Vegetables and Fruit

I often hear friends and family members say that consuming their recommended number of vegetables and fruit on a daily basis can feel overwhelming and unrealistic at times.  Vegetables and fruit should make up the largest part of your diet, which I agree appears to be unattainable. 
However, when you consider the amount of meals and snacks you consume throughout the day, the number of fruit or vegetable servings can really add up.  Meeting your recommended number of servings is actually much easier than you think.  For example, when I think about the portion size of broccoli that I often eat with dinner, it’s typically about the size of a closed fist.  This amount of broccoli is equivalent to 1 cup, which equals 2 servings of vegetables.   If I eat that with a medium sized sweet potato, that’s 1 additional vegetable serving.  Add 1 cup of leafy greens as a side salad and that’s 1 more serving, which gives a total of 4 servings vegetable just from dinner.   

To assist you and your family in eating your recommended number of servings, here are some tips:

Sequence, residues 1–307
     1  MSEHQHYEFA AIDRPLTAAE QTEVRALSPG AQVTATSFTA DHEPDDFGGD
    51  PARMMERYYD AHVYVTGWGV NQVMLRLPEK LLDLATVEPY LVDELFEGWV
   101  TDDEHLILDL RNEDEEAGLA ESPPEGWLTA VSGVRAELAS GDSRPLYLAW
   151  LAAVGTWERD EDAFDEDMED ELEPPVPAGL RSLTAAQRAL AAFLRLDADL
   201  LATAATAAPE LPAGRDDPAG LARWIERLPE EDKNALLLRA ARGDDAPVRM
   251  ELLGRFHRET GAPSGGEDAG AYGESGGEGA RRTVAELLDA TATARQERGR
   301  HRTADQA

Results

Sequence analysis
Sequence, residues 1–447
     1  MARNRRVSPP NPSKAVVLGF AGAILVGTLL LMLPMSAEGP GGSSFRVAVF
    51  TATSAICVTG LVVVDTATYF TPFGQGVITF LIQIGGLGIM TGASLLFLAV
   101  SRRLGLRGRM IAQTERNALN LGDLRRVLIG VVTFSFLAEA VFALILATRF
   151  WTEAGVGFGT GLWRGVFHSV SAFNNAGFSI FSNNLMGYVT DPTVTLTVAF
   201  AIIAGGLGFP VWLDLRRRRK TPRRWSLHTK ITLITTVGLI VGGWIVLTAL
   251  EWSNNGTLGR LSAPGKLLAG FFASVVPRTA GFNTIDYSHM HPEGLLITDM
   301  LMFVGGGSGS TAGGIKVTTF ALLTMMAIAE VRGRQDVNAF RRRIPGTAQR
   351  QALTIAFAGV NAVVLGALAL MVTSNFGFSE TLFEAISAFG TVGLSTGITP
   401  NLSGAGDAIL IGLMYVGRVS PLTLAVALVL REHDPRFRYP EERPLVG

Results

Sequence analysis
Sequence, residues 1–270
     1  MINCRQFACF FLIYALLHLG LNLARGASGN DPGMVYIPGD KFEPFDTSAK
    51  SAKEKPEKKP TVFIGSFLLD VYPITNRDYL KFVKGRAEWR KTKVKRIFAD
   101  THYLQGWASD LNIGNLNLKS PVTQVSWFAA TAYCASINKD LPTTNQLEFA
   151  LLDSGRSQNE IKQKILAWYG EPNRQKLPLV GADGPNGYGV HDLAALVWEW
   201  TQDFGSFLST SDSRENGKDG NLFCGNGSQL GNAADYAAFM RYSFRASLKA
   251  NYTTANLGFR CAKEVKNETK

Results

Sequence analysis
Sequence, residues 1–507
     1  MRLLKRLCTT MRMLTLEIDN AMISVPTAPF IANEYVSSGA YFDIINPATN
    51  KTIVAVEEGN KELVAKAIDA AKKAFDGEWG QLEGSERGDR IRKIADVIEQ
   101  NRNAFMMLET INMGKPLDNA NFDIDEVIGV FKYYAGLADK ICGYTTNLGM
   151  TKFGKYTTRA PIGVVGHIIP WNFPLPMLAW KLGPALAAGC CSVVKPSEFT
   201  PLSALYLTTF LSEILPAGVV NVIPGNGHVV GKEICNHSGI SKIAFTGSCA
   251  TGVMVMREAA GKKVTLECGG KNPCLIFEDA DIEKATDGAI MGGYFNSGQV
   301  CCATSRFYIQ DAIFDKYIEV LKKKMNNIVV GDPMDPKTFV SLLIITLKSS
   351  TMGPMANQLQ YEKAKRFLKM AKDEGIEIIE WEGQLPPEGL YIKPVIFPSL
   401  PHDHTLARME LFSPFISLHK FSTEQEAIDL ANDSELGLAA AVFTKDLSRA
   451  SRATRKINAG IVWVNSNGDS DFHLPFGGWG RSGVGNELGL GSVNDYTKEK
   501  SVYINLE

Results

·         When you get home from the grocery store, cut your vegetables and store them in a container in the fridge.  This will save time throughout the week and allow the veggies to be ready to eat whenever you’d like.
·         Keep fruit visible and within reach by placing it in a bowl in your kitchen or on your desk at work.

·         Buy produce which is local and in season.  These items are flavourful and nutrient dense and you’ll be supporting your local community.  In season produce is often more affordable. 
·         If you’d like to eat your fruits and vegetables with breakfast, but lack time in the morning, plan ahead by preparing your breakfast the night before and refrigerate.  For example, prepare a yogurt parfait using low fat yogurt, granola and frozen berries or make a fruit and/or vegetable smoothie by placing your ingredients in the blender, and just attach it to the base in the morning to blend. 
·         Consider batch cooking by preparing vegetable soups or tomato sauce and freezing them into single or family size portions, so they’re ready to eat.   See Michele’s post about batch cooking here

To find out how many servings of vegetables and fruit you should be consuming, see Eating Well with Canada’s Food Guide.